A proposal by the US Environmental Protection Agency to impose federal limits on a group of chemicals known as PFAS in drinking water under the Safe Drinking Water Act would bring additional liability and regulatory risks to companies and municipalities.
Operators of public water systems and other potentially affected organizations, including industries that discharge wastewater, should review their insurance coverage and take steps to reduce risks, experts say.
The proposed regulation, which the EPA announced on March 14 and expects to be finalized by the end of the year, would establish legally enforceable maximum contaminant levels for six perfluoroalkyl and polyfluoroalkyl substances, including an MCL of 4 parts per trillion for perfluorooctanoic acid, or PFOA, and perfluorooctanesulfonic acid, or PFOS. The deadline for public comments on the draft regulation expires on May 30.
Interim advisory levels published by the EPA last summer updated the health guidance for PFOA and PFOS to even lower levels of 4 parts per quadrillion and 20 parts per quadrillion, respectively.
Exposure to PFAs, also known as “forever chemicals,”; has been linked to various health conditions such as cancer, thyroid disease, fertility problems, and liver damage. The substances were used in a variety of manufacturing processes but have been phased out in several countries due to health concerns.
The PFA contamination limit proposal is a significant change from the 70 parts per trillion health advisory levels for PFA that the EPA issued in 2016, said Cameron Douglass, Denver-based regional environmental director at Arthur J. Gallagher & Co.
Several states, including California, Vermont and New Hampshire, have implemented testing requirements for PFAs in drinking water, Mr. Douglass.
“As this develops on a national scale, a number of municipalities will need to address not only the reporting of PFA found in drinking water, but also appropriate measures to treat the drinking water appropriately, whether that’s finding new sources or implementing some form of of purification technology.” he said.
If the rule becomes final, operators of public water systems could face statutory penalties under the Safe Drinking Water Act if the concentration of PFAS in drinking water exceeds the maximum contaminant levels, said Reza Zarghamee, a Washington-based partner at Pillsbury Winthrop Shaw Pittman LLP.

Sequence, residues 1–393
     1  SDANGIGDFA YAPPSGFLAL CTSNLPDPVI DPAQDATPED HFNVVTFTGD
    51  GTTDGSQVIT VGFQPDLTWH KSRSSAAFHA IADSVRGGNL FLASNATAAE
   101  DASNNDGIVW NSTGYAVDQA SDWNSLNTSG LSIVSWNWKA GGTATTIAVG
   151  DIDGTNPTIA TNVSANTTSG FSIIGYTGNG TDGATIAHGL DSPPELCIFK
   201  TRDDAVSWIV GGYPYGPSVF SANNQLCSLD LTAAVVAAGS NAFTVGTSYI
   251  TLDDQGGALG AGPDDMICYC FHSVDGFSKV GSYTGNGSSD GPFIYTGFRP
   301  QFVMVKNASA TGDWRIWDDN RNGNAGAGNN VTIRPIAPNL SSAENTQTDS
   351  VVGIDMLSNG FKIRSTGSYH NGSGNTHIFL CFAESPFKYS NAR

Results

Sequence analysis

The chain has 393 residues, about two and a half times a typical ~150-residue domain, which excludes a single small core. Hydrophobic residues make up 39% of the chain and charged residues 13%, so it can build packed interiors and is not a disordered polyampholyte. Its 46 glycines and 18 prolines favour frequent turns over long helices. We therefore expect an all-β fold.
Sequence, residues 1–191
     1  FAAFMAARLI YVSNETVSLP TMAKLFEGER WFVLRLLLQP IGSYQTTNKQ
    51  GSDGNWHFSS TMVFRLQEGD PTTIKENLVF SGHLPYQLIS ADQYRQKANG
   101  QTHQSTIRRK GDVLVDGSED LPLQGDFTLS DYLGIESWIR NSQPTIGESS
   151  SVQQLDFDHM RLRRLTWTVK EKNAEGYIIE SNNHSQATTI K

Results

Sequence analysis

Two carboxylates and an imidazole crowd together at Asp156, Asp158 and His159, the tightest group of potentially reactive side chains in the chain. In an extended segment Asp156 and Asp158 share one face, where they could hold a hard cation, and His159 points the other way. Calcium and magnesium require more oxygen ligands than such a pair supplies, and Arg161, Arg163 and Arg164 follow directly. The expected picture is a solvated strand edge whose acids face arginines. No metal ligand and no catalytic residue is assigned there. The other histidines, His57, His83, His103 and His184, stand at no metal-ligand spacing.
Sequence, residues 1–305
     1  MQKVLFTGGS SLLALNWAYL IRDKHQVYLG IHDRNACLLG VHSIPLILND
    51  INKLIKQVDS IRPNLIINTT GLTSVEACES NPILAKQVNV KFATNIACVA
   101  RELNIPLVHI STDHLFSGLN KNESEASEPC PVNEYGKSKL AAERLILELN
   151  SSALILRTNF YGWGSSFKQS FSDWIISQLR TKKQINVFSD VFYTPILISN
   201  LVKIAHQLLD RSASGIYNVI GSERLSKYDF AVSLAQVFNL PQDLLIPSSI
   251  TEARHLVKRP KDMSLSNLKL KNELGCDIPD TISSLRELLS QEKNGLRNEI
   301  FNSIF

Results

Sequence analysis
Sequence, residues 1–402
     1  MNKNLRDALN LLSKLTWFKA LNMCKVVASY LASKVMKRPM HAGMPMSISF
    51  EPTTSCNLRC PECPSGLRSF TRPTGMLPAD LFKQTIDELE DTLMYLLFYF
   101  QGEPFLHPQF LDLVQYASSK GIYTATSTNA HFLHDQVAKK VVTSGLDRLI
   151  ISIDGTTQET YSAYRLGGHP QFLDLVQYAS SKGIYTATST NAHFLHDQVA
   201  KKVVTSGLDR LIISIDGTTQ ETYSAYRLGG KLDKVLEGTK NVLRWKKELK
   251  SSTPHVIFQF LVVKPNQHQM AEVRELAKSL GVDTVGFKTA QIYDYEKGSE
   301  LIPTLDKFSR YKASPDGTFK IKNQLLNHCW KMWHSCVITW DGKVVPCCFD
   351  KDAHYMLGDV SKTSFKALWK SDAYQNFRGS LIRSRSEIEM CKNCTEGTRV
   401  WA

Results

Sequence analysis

“They would have to take steps to address and clean up the PFAS contamination to achieve acceptable levels, which could be very costly,” Zarghamee said.
The proposed regulation also opens “the potential floodgates” for public water operators and owners to face third-party toxic liability if consumer confidence reports they issue indicate contamination above the limits enforced by the EPA, he said.
Not only is this “a low level that’s difficult to achieve if you’re in a situation where you have to clean up, but the technology for cleanup and even disposal of these chemicals is still evolving,” he says. Zarghamee said.
Coverage for PFAS
Historic commercial general liability policies that have either no pollution exclusions or limited exclusions can be a source of damages, says Tamara Bruno, Houston-based partner at Pillsbury Winthrop Shaw Pittman.
“If you’re talking about water utilities, a lot of these infrastructure and water projects have been around for a while, so they can have historical guidelines,” Bruno said.
But if there have been liability or other cleanup claims at specific sites — Superfund sites, for example — some policyholders may have already used or dropped or sold some of the historic policies, she said.
“It can be challenging, either for insurers who thought this claim was over or for insureds who have emptied their policy in the previous mediation,” she said.
In 1986, the insurance industry introduced an absolute pollution exclusion in commercial general liability policies, and court decisions have been mixed, Bruno said. “Defense coverage may be available for certain PFAS-related claims even under a CGL policy,” she said.
Establishing a national MCL for PFAS chemicals would potentially add risk under event-based policies, said Michael Miguel, Los Angeles-based principal at McKool Smith PC
“Most historical environmental disputes have involved activities that were perfectly legal at the time and during the insurance period, but were later found to be harmful to the environment,” Miguel said.
However, the addition of PFOA and PFOS to the list of hazardous substances means the pollution exemption would likely apply, he said.
Also, the widespread use of claims-made policies rather than occurrence-based policies means fewer applicants will look to historical policies for coverage, he said.
Current environmental liability policies may also provide coverage, even if PFAS exclusions are introduced, experts said.
Given the increased regulatory attention on PFAS and the potential for litigation, more companies are buying pollution liability policies, or seeking pollution policies for coverage, said Adrian Azer, a Washington-based partner at Haynes & Boone LLP.
Some entities may decide to self-insure and many may decide to purchase pollution liability insurance to manage the exposures, but PFAS exclusions are increasing, Douglass said.
Before the 2014 drinking water crisis in Flint, Michigan, it was fairly common for municipalities to buy pollution liability coverage that covered product pollution not only for drinking water but also for biosolids, he said.
Since then, insurers have withdrawn the availability of coverage or introduced exclusions for lead in potable coverage, he said.
“If product contaminant coverage is provided for drinking water, I would expect PFAS exclusions to be implemented where necessary,” and those exclusions would also apply to biosolids, Douglass said.